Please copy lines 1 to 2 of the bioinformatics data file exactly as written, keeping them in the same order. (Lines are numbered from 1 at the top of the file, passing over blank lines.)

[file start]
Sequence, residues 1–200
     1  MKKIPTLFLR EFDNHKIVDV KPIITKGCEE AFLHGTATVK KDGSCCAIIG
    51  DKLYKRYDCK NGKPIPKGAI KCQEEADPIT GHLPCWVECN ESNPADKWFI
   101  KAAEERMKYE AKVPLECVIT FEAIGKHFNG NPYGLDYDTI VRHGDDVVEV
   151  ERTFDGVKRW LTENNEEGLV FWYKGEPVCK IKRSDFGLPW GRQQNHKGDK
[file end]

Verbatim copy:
Sequence, residues 1–200
     1  MKKIPTLFLR EFDNHKIVDV KPIITKGCEE AFLHGTATVK KDGSCCAIIG